Does art reflect life? Or life reflect art? It’s a topic with philosophical musings that go back centuries, to the days of Aristotle. But you don’t have to wax poetic to appreciate the artistic beauty in landscape design!
Known in some circles as “the mother of all arts”, landscape design shares many of the same creative design principles as other artistic disciplines, including painting.
If you still think of “landscaping” as planting a bunch of flowers and shrubs (with a patio or koi pond thrown in for good measure) then come along as we delve into what true landscape artistry means, why it matters to you, and how it can transform a mere “yard” into a four-season outdoor living room.
It may seem obvious to say that space is important when designing a landscape, but it’s more than what it appears to be at face value.
In a painting, artists must create space through their use of color, scale and other techniques like perspective. A two-dimensional space is given life and depth through the artist’s creative vision.
Landscape design isn’t very different, with the exception that we start with a three-dimensional space. But what we do with that space is what matters! The same way that painters draw the eye in by creating depth, landscape artists use color, height, and even lighting to the same ends.
Warmer colors in the foreground with cooler ones behind can successfully create the illusion of depth in a flower garden. And if you’re working with a small space, using a bold color as a focal point in the foreground can make the rest recede, making your space appear magically larger. Those are important tricks if space is at a premium.
Whatever size your yard, you have an advantage that a painter does not: vertical space! Through stacking, trellises, pergolas, walls, and more, even the “space above your space” becomes part of the design.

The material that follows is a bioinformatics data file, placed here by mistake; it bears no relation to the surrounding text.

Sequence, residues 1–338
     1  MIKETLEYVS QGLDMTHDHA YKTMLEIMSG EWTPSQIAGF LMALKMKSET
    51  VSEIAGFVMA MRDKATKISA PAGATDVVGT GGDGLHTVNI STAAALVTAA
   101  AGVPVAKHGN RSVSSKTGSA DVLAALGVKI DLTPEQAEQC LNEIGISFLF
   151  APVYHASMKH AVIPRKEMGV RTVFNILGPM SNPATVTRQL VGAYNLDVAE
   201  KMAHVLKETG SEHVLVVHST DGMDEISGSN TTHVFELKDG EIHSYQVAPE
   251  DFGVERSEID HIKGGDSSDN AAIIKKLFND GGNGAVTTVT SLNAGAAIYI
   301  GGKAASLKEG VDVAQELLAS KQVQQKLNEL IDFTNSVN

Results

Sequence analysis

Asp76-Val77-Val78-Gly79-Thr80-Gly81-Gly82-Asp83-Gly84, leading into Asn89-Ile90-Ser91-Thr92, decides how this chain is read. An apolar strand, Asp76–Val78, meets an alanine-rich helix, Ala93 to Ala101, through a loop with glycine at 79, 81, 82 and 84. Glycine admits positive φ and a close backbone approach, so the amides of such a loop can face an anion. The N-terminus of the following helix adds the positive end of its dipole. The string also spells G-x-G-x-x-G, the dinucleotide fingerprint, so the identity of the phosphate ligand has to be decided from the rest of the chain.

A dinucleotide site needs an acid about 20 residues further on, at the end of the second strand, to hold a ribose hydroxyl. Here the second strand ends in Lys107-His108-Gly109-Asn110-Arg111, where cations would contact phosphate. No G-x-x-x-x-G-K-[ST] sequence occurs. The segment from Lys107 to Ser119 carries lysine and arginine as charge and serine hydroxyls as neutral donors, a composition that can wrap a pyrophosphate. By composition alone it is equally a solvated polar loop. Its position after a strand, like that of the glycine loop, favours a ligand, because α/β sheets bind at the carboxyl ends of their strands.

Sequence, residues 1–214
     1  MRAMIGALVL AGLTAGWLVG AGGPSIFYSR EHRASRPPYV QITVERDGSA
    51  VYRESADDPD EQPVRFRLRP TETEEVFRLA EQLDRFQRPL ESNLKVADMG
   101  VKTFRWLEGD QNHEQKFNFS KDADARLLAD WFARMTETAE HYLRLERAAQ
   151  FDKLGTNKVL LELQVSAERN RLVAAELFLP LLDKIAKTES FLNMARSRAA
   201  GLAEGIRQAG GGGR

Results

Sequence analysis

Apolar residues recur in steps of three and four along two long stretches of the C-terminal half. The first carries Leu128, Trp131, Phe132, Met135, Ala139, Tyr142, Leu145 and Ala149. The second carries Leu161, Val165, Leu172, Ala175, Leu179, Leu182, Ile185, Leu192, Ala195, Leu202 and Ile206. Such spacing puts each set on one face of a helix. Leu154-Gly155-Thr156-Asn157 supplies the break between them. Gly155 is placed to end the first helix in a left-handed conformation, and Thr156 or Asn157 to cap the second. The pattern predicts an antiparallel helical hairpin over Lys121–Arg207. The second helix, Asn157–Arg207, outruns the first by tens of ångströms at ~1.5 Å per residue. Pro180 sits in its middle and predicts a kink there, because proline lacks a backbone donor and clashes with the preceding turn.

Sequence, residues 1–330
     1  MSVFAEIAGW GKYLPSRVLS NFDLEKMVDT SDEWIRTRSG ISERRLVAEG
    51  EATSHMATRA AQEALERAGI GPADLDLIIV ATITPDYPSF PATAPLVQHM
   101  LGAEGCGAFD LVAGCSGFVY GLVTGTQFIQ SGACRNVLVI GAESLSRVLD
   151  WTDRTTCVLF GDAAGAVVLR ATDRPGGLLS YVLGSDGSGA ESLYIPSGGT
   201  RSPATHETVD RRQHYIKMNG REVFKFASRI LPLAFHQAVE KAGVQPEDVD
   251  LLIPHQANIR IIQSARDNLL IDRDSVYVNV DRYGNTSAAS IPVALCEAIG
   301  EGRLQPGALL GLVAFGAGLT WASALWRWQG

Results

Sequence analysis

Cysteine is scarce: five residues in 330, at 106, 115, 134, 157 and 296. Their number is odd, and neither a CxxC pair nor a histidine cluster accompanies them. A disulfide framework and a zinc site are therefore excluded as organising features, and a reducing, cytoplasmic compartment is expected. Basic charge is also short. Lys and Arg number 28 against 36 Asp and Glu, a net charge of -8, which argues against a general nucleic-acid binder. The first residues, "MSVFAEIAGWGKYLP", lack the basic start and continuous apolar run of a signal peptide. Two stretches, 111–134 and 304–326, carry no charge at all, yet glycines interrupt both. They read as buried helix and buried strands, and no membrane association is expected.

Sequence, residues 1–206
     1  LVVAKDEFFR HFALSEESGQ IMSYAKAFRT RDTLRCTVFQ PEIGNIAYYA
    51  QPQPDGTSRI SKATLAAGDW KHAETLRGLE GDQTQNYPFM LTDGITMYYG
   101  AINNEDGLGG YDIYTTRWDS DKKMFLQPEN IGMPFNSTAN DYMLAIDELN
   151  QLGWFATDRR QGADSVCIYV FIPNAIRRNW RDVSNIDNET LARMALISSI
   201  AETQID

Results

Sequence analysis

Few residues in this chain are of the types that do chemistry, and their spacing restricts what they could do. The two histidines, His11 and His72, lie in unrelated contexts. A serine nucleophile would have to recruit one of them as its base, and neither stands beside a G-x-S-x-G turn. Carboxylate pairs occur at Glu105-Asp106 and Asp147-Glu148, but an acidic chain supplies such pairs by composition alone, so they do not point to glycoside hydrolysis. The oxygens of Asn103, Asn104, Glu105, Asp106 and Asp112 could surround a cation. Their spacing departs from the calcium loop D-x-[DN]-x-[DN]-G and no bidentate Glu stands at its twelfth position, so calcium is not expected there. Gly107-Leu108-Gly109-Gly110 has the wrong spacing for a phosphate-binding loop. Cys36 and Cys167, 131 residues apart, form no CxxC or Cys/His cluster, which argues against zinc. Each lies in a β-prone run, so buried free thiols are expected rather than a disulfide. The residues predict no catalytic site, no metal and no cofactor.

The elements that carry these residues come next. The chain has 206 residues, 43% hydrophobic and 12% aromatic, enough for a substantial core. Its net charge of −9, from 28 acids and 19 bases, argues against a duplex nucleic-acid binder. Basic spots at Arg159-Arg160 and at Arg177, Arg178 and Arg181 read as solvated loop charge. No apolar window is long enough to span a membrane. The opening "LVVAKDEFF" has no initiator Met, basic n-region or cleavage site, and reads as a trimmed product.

Lighting is a powerful tool for creating depth and defining space, too. It can be used to outline entertaining areas on a patio, or to highlight certain spots in a yard while allowing the rest to recede. It can be installed high up to create the illusion of moonlight from the sky above, or beneath steps, benches and underwater in ponds and waterfalls to completely transform a space with added depth and perspective.
The “rule of thirds” and the Golden Ratio are principles followed by many artists (including landscape photographers!) to create pleasing proportions in space. It’s why many nesting pots come in three sizes, often at a specific scale.
Whichever rule an artist follows, or even breaks, the goal is to create proportions that work using principles of good design. Just think of how jarring an oversized fountain would seem surrounded by a miniature garden, or how lost a small one would feel amid towering trees. The scale of the elements in a space are just as important as the elements themselves.
Design rules, however, are more challenging for the landscape artist, who not only has to create space, but contend with what’s already there. Slope and pitch, existing elements like an old-growth tree, weather impact, soil quality, and overall dimensions are just a few of the considerations that affect how space is used.
But with creativity, artistry, and yes, even a bit of science, a landscape architect will turn the blank canvas of your yard into a space that you can live in.
In a two-dimensional painting, there is no movement. The artist must create the illusion through use of lines, patterns, repetition and other techniques.